Group M Borrows a Page From MySpace

Training Program Mimics Social Networks to Build Digital Skills

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NEW YORK (AdAge.com) -- The newest social network making the rounds at one of the world's biggest ad-buying conglomerates is not really a social network at all, but an online training program that looks an awful lot like one.

Two weeks ago Group M introduced Mspace, a play on the name and style of News Corp.'s MySpace, in an attempt to get its 3,600 employees on the same page when it comes to interactive advertising know-how. It's the company's first big foray into online training, and it's an ambitious one.

"We tried classroom training, group training, digital days," said John Montgomery, chief operating officer of Group M Interaction. "But we didn't feel like that was benefiting us from a scale standpoint."

Building digital savvy
The impetus for the training is obvious: Every agency needs to gain more digitally proficient employees, but the market lacks the experienced talent -- and agencies the resources -- to invest from outside. Additionally, Group M was looking to aggregate the disparate knowledge among its various shops -- while Mindshare might have been great with one particular aspect of digital, Beyond Interactive was an expert in another area. In the end, said Mr. Montgomery, Group M is looking for employees to have "a consistent level of training."

The training is delivered via personas, positioning 10 fake people as experts. Behind each fake expert is a Group M staffer who is particularly proficient in one of the areas of expertise, which include digital media processes, strategy, planning and buying, ad serving, search and analytics. Lessons are delivered via video, audio and games, such as dynamically generated crossword puzzles; some of it can be downloaded as a podcast.

Online training is a growing trend among corporations. According to research from the American Society for Training & Development and private firm Bersin & Associates, cited in Workforce Management magazine, one of every three hours of training is delivered via technology. "The initial difficulty with e-learning was the idea that if you build it, they will come ... but initial content was stuff that had been taken wholesale from print and dumped on the web," said Carroll Lachnit, executive editor of Workforce Management. "But there was nothing very web-friendly about it. It wasn't dynamic, so to sit and ask people to read and digest this stuff -- that wasn't enough."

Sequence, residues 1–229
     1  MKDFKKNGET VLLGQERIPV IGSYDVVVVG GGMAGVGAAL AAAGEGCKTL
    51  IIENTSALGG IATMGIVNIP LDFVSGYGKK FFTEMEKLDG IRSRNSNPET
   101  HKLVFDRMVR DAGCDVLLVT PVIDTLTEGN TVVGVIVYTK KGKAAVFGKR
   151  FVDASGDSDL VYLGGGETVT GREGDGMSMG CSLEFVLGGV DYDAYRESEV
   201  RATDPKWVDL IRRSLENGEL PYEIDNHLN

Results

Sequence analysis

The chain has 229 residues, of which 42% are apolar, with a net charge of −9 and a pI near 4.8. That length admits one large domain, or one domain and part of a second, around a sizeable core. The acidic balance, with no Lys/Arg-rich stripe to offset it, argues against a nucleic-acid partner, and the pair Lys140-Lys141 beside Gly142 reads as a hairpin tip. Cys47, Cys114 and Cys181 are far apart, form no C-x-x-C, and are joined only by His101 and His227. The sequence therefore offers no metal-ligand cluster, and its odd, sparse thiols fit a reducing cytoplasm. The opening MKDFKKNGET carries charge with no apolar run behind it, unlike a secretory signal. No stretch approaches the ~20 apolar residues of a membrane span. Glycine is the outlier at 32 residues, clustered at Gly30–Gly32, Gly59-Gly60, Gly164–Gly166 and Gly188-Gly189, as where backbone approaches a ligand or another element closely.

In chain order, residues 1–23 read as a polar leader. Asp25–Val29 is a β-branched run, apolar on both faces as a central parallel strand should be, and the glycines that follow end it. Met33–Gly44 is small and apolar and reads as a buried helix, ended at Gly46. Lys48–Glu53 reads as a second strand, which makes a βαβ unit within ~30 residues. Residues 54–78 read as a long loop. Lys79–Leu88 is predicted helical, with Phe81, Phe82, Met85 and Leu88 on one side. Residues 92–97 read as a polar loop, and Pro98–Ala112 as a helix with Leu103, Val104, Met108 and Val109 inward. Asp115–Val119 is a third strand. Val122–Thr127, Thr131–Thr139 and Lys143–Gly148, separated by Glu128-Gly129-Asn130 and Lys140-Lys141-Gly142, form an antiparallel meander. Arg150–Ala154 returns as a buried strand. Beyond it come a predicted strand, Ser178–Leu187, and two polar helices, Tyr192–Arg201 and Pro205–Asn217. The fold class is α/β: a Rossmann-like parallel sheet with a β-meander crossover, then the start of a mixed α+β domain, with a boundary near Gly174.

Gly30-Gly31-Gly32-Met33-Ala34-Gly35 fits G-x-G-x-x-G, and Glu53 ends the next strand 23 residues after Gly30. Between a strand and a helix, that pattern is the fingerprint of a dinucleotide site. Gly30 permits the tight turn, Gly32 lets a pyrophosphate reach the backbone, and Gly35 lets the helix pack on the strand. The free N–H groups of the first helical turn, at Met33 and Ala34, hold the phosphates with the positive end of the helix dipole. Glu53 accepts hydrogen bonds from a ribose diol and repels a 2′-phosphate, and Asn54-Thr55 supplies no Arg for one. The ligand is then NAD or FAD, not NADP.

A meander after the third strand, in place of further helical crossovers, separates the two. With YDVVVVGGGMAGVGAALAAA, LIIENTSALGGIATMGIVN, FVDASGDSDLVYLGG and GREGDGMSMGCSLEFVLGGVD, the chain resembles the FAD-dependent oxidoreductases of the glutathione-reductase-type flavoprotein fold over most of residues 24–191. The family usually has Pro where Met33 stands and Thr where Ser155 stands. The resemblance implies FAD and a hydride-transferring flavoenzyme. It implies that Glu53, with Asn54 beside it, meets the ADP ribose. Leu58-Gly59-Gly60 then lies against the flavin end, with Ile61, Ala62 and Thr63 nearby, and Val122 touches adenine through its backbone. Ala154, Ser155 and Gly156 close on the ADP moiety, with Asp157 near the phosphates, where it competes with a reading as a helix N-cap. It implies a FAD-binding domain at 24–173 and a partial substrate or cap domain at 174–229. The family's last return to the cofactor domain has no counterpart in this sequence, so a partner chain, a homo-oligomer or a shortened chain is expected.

Meeting employees where they're at
Mspace launched on Oct. 8. Group M has promoted it with ads on its intranet as well as via its 24/7 Real Media ad network that targets Group M IP addresses -- so when an employee is on Amazon, for example, they might see an ad promoting Mspace. ("Creepy but fun," said Mr. Montgomery.)

The agency is trying to encourage employees to complete the program, but doesn't want to be heavy-handed about it. When employees complete the training, having correctly answered 80% of test questions, they receive a certification that shows up in their e-mail signatures.

In the first six days, 500 Group M employees had used it for at least 15 minutes. While that may seem paltry for people used to thinking in term of tens of millions, Mr. Montgomery is encouraged by the results, noting they're especially impressive "given how long it would have taken us to do an hour's worth of training with a group that size. You'd be lucky to get 20 people in a room at the same time, and then you'd be boring them with PowerPoint slides."

The early success has encouraged Group M's Latin American offices to begin translating the program, and Group M Canada has been tailoring it for that market as well. "This is the way we'll be training in the future in most disciplines," said Mr. Montgomery.
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